By TODD RICHMOND
MADISON, Wis. (AP) — Wisconsin regulators lack the inherent authority to require businesses to clean up contamination from PFAS chemicals and other toxic contaminants because legislators haven’t established any restrictions on the substances, a judge ruled Tuesday.
Waukesha County Circuit Judge Michael Bohren’s sweeping decision marks a major defeat for the state Department of Natural Resources and environmentalists struggling to deal with PFAS pollution across the state. The ruling means the DNR can’t require businesses to remediate contamination unless the agency includes PFAS chemicals in a list of hazardous substances developed through administrative rules, a process that often takes years.
Bohren said he understands that the DNR is responsible for protecting the state from pollution but “there’s a way to do it.” He added later that the DNR now seems to be operating “on a whim and fancy.”
Assistant Attorney General Gabe Johnson-Karp, who represented the DNR in the case, asked Bohren to stay the ruling given that it creates “significant concern about regulatory uncertainty.” Bohren agreed to a stay until a June 6 hearing on whether to continue it. Johnson-Karp told the judge he plans to appeal.
The ruling stems from a lawsuit that Wisconsin Manufacturers and Commerce, the state’s largest business group, and Leather Rich, Inc., an Oconomowoc dry cleaning business, filed in 2021.
According to the lawsuit, Leather Rich entered a DNR program designed to help businesses who voluntarily report pollution clean up their sites in 2019. The following year DNR officials declared that all business in the program needed to test for “emerging contaminants,” including PFAS, without explaining which of the more than 4,000 PFAS compounds to look for or what levels would be considered too high.
The agency lacked any basis in statute or rules to mandate such testing, the lawsuit maintained. What’s more, the DNR compiled a list of emerging contaminants without any notice, legislative oversight or opportunity for public comment, the lawsuit argued. The plaintiffs sought a declaration that the DNR can’t legally regulate emerging contaminants and that the agency define hazardous substances through a rule.
Drafting rules typically takes state agencies years. When the language is settled the regulations still must win legislative approval, a tall task right now given that Democratic Gov. Tony Evers controls the executive branch and Republicans run both the Senate and Assembly.
Environmentalists countered that the DNR must move quickly when the agency learns of contamination and shouldn’t be bogged down in a rule-making process that can take years.
A coalition of conservation groups, including the Clean Water Action Council, the River Alliance of Wisconsin and the Wisconsin Environmental Health Network, argued in court filings that the DNR derives its authority from state laws that govern pollution. Those laws include only a vague definition of hazardous substances, allowing the DNR broad authority to regulate them, they argued. PFAS chemicals are clearly hazardous and the DNR shouldn’t have to go through the rule-making process to establish that, they added.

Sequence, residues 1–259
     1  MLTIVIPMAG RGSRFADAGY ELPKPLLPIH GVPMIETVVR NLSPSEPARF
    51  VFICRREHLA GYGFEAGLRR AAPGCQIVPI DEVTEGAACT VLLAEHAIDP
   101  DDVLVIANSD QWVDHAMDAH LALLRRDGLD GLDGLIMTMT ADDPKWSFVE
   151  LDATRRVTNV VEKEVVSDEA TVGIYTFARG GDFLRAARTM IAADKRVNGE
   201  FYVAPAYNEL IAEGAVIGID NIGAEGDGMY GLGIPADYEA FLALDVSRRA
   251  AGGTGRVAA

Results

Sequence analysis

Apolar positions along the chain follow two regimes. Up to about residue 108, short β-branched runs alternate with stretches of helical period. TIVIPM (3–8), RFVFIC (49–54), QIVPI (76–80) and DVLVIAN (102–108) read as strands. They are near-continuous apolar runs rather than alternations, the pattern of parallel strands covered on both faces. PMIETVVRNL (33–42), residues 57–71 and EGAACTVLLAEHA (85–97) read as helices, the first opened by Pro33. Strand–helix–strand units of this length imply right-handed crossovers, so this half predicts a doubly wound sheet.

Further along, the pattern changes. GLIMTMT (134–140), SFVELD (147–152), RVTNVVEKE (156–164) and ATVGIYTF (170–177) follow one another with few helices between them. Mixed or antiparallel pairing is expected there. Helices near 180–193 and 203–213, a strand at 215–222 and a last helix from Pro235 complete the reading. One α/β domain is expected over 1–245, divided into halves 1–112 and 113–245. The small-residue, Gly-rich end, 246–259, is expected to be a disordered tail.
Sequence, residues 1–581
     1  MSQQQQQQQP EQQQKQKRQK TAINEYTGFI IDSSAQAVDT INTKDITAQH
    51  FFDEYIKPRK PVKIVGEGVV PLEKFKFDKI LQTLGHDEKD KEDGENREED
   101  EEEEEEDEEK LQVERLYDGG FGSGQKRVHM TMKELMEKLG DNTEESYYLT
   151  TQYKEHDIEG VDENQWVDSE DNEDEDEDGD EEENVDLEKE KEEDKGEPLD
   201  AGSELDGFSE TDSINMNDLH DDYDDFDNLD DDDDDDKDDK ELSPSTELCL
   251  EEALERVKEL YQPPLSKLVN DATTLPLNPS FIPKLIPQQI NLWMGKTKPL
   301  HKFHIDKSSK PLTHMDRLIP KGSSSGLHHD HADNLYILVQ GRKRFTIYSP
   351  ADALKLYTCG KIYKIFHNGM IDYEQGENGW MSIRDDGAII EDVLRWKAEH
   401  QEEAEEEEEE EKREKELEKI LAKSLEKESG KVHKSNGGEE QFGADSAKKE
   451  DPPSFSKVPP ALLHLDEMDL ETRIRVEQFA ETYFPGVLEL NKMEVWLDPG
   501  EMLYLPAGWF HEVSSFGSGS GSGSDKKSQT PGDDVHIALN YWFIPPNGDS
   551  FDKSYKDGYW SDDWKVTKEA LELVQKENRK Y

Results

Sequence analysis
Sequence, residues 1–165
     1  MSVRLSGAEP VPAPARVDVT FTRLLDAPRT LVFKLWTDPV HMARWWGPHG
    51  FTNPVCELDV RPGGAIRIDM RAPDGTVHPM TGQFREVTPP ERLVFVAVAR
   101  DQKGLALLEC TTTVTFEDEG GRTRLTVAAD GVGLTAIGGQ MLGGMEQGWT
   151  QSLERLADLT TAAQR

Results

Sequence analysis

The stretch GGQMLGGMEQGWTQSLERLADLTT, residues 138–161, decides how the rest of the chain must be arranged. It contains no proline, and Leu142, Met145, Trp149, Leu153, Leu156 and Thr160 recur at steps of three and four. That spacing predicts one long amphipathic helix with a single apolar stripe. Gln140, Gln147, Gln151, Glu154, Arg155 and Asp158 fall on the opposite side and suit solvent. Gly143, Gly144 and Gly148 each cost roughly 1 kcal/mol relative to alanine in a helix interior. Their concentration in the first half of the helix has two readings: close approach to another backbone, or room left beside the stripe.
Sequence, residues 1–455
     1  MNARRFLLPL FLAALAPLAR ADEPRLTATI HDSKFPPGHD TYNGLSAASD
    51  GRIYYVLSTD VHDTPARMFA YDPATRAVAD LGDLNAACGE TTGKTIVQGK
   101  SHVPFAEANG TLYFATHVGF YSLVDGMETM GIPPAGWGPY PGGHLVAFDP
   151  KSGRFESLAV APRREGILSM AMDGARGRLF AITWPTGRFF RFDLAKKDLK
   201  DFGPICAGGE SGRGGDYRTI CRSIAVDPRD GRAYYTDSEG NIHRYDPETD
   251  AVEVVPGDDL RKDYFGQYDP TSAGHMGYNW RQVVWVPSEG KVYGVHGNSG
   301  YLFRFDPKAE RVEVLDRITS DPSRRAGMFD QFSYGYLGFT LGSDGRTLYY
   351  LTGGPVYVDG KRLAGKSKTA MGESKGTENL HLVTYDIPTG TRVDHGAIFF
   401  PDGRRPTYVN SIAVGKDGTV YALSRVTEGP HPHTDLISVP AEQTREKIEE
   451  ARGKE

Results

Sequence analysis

If WMC and Leather Rich prevail, all efforts to remediate PFAS pollution across the state, including well testing and clean-up orders, would cease, the coalition’s law firm, Midwest Environmental Advocates, warned in a blurb on its website.
“WMC’s lawsuit could remove the only meaningful public health protection we have to address PFAS contamination in Wisconsin,” the firm said.
The state Department of Justice is defending the DNR against the lawsuit. Its attorneys have argued that there’s no real dispute that PFAS are toxic and state pollution laws give the DNR broad discretion over how to handle contaminants. What’s more, a judge lacks the authority to order the DNR to promulgate rules because rules are subject to legislative approval, they insisted.
PFAS is an acronym for per- and polyfluoroalkyl substances, man-made chemicals used widely in non-stick cookware and firefighting foam since the 1940s. Research suggests they can cause health problems in humans, including decreased fertility, developmental delays in children, increased risk of some cancers and a weakened immune system, according to the U.S. Environmental Protection Agency.
The DNR currently lists nearly 90 sites across Wisconsin with PFAS contamination. A number of municipalities are dealing with PFAS-contaminated groundwater, including Madison, Marinette, the town of Campbell just outside La Crosse and Peshtigo.
The DNR’s policy board adopted limits on PFAS in drinking water and surface waters that can support fish in February. The Legislature has yet to sign off on them, however. The board refused to impose standards for groundwater, however, citing the cost of replacing wells and installing treatment equipment at water utilities.
Democratic Attorney General Josh Kaul filed a lawsuit last month against Johnson Controls and Tyco Fire Products alleging they released fire-fighting foam into the environment that has contaminated the Marinette area’s soil, groundwater, surface water and air.
It’s unclear what impact Bohren’s ruling could have on that lawsuit. Midwest Environmental Advocates attorney Bruce Lee said the decision could negate the state’s authority to file such actions. Department of Justice spokeswoman Gillian Drummond didn’t immediately return a message.